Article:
Russia has built and launched a new satellite that is fueling speculations. The spacecraft called Object 2014-28E was launched by the Russian military and has taken odd paths visiting satellites in low Earth orbit.

Both the Soviet Union and the United States had anti-satellite weaponry programs over three decades ago and the space object's strange maneuvers had some fear that Russia has yet again taken an interest in anti-satellite weapons, or ASAT.

It is believed that the country scrapped its anti-satellite weaponry program, the Istrebitel Sputnikov, in the 1980's but in 2010, Oleg Ostapenko, commander of the Russian space forces said that the country still has the capability to respond to threats from space and that it was working on inspection and strike spacecraft.

"The USSR was developing inspection and strike spacecraft," Ostapenko told the Russian news agency TASS. "Our policy-there should be no war in space, but we are military people and should be ready for everything. Our activities in this direction would be dependent on others, but, trust me, we would be able to respond quickly and adequately." 

The movement of 2014-28E, which was launched along three communication satellites from northern Russia's Plesetsk Cosmodrome on May 23, is a characteristic of a satellite killer. Satellite killing aircraft could visit and destroy spy satellites in a number of ways such as by using a robot arm to disable other satellites' solar panels or placing an explosive charge on the satellites to cripple them.

Western space agencies, militaries and even amateur satellite observers are tracking 2014-28E albeit its purpose is still shrouded in mystery. The three satellites that were launched with it, Kosmos 2496, 2497 and 2498, are believed to be intended for military communications.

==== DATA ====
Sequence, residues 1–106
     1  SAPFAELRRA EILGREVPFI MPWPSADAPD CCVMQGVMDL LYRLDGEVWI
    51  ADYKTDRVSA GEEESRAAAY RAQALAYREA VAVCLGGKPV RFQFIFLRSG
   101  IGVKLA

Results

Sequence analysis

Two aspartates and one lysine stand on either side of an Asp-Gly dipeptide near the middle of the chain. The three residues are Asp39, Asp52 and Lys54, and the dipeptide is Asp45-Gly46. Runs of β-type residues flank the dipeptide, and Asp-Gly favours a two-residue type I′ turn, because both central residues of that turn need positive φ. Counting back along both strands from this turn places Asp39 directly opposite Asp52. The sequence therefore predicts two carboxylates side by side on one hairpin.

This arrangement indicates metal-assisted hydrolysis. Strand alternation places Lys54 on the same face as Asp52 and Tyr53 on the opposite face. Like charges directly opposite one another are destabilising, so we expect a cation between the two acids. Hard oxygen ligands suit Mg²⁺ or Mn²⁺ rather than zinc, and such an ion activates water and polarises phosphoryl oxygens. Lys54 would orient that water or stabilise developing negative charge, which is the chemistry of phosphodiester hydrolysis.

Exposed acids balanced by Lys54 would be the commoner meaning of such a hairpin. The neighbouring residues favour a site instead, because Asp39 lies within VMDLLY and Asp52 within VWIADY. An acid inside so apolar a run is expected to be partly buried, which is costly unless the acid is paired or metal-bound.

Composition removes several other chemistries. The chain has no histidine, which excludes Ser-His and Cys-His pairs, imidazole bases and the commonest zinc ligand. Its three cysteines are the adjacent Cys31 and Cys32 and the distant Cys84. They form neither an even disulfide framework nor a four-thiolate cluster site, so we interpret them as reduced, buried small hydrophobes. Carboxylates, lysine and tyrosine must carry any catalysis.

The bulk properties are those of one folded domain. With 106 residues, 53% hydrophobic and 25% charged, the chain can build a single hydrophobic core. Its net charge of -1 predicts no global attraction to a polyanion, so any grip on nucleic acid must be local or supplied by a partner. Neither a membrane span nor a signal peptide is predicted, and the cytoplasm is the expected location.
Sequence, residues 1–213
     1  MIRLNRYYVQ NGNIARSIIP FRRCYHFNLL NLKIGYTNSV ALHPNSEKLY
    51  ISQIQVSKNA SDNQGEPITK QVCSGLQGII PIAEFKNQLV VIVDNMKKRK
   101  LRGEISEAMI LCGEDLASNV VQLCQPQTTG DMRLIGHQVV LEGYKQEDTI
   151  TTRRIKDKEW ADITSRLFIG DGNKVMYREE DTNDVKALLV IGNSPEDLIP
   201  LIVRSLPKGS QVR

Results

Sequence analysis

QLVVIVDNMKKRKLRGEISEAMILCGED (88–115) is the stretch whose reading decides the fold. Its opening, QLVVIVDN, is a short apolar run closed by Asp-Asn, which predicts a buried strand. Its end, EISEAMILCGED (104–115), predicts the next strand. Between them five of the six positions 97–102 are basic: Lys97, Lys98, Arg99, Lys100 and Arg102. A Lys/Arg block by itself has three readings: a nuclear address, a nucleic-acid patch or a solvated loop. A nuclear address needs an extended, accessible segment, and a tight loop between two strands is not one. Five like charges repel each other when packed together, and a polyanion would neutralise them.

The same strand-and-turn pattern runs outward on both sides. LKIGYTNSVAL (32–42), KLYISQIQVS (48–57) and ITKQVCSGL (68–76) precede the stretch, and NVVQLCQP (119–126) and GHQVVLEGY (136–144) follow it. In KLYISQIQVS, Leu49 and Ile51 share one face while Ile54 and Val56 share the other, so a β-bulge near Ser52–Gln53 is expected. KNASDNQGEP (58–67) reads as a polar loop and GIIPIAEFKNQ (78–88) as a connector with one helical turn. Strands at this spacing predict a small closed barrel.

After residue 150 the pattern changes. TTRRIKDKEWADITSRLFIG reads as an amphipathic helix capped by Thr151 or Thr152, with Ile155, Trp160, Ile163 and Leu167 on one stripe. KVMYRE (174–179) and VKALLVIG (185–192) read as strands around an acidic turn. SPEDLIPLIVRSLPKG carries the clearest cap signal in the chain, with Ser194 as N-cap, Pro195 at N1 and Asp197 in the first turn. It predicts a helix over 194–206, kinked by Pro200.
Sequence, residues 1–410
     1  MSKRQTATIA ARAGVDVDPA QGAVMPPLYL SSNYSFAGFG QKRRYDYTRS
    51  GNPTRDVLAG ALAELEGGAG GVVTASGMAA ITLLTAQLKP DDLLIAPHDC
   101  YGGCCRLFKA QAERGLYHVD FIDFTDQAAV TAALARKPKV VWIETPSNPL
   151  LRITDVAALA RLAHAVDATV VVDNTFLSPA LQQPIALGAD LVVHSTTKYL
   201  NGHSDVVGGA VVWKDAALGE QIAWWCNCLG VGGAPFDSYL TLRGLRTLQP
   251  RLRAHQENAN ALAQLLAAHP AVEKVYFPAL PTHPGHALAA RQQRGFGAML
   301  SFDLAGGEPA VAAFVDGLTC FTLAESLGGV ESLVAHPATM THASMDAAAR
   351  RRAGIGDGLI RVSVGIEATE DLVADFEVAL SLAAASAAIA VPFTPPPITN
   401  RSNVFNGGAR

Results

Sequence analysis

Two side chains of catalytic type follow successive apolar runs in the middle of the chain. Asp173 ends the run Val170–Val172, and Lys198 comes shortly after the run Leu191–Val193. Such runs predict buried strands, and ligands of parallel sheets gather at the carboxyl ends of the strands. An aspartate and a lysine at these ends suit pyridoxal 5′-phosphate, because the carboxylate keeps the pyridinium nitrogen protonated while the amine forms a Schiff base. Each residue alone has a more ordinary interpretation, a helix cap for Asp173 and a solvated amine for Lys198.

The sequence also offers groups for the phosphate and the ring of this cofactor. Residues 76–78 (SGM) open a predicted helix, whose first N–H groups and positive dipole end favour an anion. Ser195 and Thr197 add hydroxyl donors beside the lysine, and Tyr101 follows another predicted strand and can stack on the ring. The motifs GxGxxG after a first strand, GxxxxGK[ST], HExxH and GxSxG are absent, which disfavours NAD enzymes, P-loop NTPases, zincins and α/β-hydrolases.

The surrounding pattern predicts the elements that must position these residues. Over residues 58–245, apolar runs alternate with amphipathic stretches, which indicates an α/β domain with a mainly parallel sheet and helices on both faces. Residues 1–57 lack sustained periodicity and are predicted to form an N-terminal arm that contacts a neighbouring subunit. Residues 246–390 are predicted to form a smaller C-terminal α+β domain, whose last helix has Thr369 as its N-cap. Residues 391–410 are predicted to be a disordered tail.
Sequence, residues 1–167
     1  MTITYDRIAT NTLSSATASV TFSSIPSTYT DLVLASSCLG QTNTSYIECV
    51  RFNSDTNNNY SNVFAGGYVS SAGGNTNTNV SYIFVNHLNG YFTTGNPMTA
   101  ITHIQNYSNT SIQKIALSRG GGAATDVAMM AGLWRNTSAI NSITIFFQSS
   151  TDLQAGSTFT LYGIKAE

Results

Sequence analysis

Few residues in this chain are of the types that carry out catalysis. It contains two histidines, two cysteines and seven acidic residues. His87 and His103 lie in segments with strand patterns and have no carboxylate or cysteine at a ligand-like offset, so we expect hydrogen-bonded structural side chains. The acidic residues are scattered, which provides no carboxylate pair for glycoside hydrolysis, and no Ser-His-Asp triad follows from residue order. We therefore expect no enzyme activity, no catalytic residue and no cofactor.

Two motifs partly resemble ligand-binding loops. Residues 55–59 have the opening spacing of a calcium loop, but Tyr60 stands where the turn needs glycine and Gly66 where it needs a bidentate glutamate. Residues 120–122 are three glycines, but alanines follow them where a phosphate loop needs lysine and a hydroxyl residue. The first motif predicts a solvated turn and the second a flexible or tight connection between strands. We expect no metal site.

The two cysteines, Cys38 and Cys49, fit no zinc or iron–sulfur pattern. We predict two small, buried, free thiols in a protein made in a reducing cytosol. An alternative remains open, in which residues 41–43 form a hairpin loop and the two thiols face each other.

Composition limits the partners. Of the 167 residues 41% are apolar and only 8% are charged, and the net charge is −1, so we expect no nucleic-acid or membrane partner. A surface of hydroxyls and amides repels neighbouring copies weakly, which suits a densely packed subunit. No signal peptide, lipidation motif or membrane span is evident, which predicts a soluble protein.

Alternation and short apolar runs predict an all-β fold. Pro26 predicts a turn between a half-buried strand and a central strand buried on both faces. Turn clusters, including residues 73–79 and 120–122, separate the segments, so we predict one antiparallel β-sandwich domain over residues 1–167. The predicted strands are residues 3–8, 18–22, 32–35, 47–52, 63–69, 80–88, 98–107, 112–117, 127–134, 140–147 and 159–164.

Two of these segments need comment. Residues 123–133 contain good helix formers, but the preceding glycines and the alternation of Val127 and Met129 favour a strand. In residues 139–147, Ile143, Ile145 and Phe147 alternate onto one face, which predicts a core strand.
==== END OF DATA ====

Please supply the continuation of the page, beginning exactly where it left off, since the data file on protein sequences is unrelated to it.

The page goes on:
Although some speculate that the 2014-28E could destroy or disable spacecraft that are already in orbit, some believe it could also be used for collecting space junk or repairing broken satellites. Space security expert Patricia Lewis thinks that the satellite is experimental and that it isn't constrained to one purpose.

"It could have a number of functions, some civilian and some military," Lewis said.

While there is the possibility that Russia indeed has a satellite-killer in space, it is not the only country with the ability to destroy spacecraft. The US Air Force's X-37B space plane, for instance, which conducts long term secret missions in orbit, is capable of precise movements and may also have the capability to inspect and destroy satellites in space.

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